Time: 8:30am - 4:00pm
Venue: Room 222, Graduate Centre, QMUL Mile End campus, 404 Bancroft Rd, London E1 4DH
This event is kindly supported by funding provided by a UACES Small Event grant, the Queen Mary Institute for Humanities and Social Sciences (IHSS), and the Queen Mary Department of Law. The event is organised in cooperation with the Centre for International and European Legal Affairs (CEILA) and contributes to the IHSS research theme on Democracy.
The workshop addresses the rising challenges of reforming EU democracy and increasing citizen involvement in EU governance. These challenges have become particularly tangible with the exacerbation of existential crises in the EU, which require swift executive action, often at the expense of genuine democratic deliberation and citizen input.
The aim of this workshop is to analyse and reflect on the evolving institutional position of citizens in EU governance. The interdisciplinary pool of speakers will approach citizens not as passive recipients of rights, but as active participants in the shaping of EU decisions and policies. Aiming to assess the galvanisation of citizen participation “in the democratic life of the Union” (Art 10(3) TEU), this workshop concentrates on the nature, benefits and shortcomings of the different instruments of direct and participatory democracy at both EU and national levels. The workshop thus explores the emerging transnationalisation of citizens in EU public law.
The workshop asks fundamental theoretical questions which remain understudied in the existing literature: Is the institutionalisation of citizens in EU public law a prerequisite for democratic legitimacy and an ‘ever closer union’ among the peoples of Europe? Is the transnationalisation and collectivisation of the citizens’ public power meaningfully possible beyond representative means?
To answer these queries, the speakers will examine recent initiatives and EU democratic reform proposals (e.g. the revision of the European Citizens’ Initiative, the increasing use of pre-legislative citizen consultations, democratic conventions, the growing use of referendums, the role of citizen petitions, the European Ombudsman, and the civil society) and would therefore make an important academic contribution to this ongoing debate, which is only likely to continue.
By evaluating the reform of the concrete instruments of EU democracy, the workshop will also contribute to important policy-related debates on how to improve citizen ownership of EU policy making.
8:30-8:55: Welcome coffee
8:55-9:00: Introductory remarks (Dr Davor Jancic, QMUL) and welcome (Prof. Malgosia Fitzmaurice and Dr Violeta Moreno-Lax, CEILA)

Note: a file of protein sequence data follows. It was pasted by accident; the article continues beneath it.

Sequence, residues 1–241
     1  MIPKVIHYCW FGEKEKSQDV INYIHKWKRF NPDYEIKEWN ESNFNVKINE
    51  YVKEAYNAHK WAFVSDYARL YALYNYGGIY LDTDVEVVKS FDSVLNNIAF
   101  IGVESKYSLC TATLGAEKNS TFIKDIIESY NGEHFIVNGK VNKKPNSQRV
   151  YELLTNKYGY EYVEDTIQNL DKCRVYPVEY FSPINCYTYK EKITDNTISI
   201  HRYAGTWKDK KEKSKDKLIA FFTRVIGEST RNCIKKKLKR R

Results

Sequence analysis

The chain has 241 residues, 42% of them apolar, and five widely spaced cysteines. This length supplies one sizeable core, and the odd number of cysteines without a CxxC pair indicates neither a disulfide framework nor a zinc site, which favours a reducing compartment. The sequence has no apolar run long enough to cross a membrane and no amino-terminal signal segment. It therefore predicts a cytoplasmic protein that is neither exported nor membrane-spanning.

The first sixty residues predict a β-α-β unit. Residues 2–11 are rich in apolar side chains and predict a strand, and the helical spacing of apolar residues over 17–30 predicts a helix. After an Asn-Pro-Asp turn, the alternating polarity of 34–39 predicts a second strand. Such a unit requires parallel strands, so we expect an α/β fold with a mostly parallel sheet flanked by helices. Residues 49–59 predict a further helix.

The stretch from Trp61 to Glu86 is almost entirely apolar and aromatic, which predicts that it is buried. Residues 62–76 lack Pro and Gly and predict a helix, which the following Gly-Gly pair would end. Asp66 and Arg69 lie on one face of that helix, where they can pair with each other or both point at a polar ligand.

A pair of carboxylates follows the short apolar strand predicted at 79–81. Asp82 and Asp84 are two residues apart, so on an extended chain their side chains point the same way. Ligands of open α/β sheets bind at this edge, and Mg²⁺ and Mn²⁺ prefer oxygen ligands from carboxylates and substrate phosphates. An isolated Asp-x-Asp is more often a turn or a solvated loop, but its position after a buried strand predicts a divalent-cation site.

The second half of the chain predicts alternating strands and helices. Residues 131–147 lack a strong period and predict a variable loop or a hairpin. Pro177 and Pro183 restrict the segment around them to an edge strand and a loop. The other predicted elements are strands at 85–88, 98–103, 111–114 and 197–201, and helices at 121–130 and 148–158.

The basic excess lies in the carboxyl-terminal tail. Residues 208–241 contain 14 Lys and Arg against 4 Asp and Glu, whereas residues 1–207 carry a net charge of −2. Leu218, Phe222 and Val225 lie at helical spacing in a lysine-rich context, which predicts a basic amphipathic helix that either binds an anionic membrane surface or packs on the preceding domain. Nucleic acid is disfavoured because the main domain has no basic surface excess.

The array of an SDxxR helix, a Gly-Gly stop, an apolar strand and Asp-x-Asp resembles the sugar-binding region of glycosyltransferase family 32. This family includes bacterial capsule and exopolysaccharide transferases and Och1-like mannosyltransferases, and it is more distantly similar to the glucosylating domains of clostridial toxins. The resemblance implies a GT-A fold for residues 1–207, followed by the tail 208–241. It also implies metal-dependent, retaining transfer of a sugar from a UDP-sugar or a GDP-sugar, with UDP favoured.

9:00-10:45: Panel Session I – Citizen Conventions and Referendums
Pathways for Citizens to Engage in EU Policymaking - Ms Sophia Russack, Researcher (Centre for European Policy Studies, Brussels – CEPS)
From Paris with Love: A Critique of President Macron’s Democratic Conventions - Dr Davor Jancic, Lecturer in EU Law (Queen Mary University of London)
The European Citizens’ Consultations: An Evaluation - Ms Beth Wiltshire, European Programs Officer (The Democratic Society)
Citizenship and Social protection: Lessons from the Referendums - Dr Jukka Snell, Professor of EU Law (University of Turku)
10:45-11:00: Coffee break
11:00-12:45 Panel Session II – Citizen Initiatives and Legitimacy
The European Citizens’ Initiative: Unbridled Optimism? - Dr Justin Greenwood, Professor of European Public Policy Professor of European Public Policy (Robert Gordon University)
Revising the ECI: Towards a More User-Friendly, Participatory and Powerful Agenda Initiative - Dr Mario Mendez, Reader in Law (Queen Mary University of London)
Participatory Democracy in the CJEU Case Law: Challenges and Implications for the Future of EU Democracy - Dr James Organ, Assistant Professor of EU Law (University of Liverpool)
Output Legitimacy, Input Legitimacy and Communication as Unstable Frames for Citizen Participation in the EU - Dr Luis Bouza García, Assistant Professor of Political Science (Universidad Autónoma de Madrid/College of Europe)
13:45-15:30: Panel Session III – Citizen Access to EU Legislative and Accountability Processes
What Role for Citizens in Ongoing Legislative Processes? The Legal Implications for Transparency and Access to Documents - Dr Natassa Athanasiadou, Assistant Professor of EU Law (Maastricht University)
Public Consultations on New EU Initiatives: The Right Tool to Increase Citizens’ Participation in the EU Legislative Process? - Dr Robert Zbíral, Associate Professor, Department of Constitutional Law and Political Science (Masaryk University)
The Past and Future of the Right to Petition the European Parliament: A Viable Alternative for Citizens’ Participation in the EU? - Dr Nikos Vogiatzis, Lecturer in EU Law (University of Liverpool)
Fostering Citizens’ Control over and Participation in the European Union’s Democratic Life: The Ever-Increasing Importance of the Ombudsman - Dr Marco Inglese, Research Fellow (University of Parma)
15:30-16:00: Conclusions and way forward
Free. PhD researchers and early career scholars are particularly encouraged to attend.
UACES Student and Early Career members can apply for 50% of their travel costs up to a maximum of £100 to/from the UK. Full terms and conditions of this travel support can be found here.
Due to limited space, please register here.
For questions and further information, please get in touch with Dr Davor Jancic at firstname.lastname@example.org
Dr Davor Jancic, Lecturer in Law, Department of Law, Queen Mary University of London
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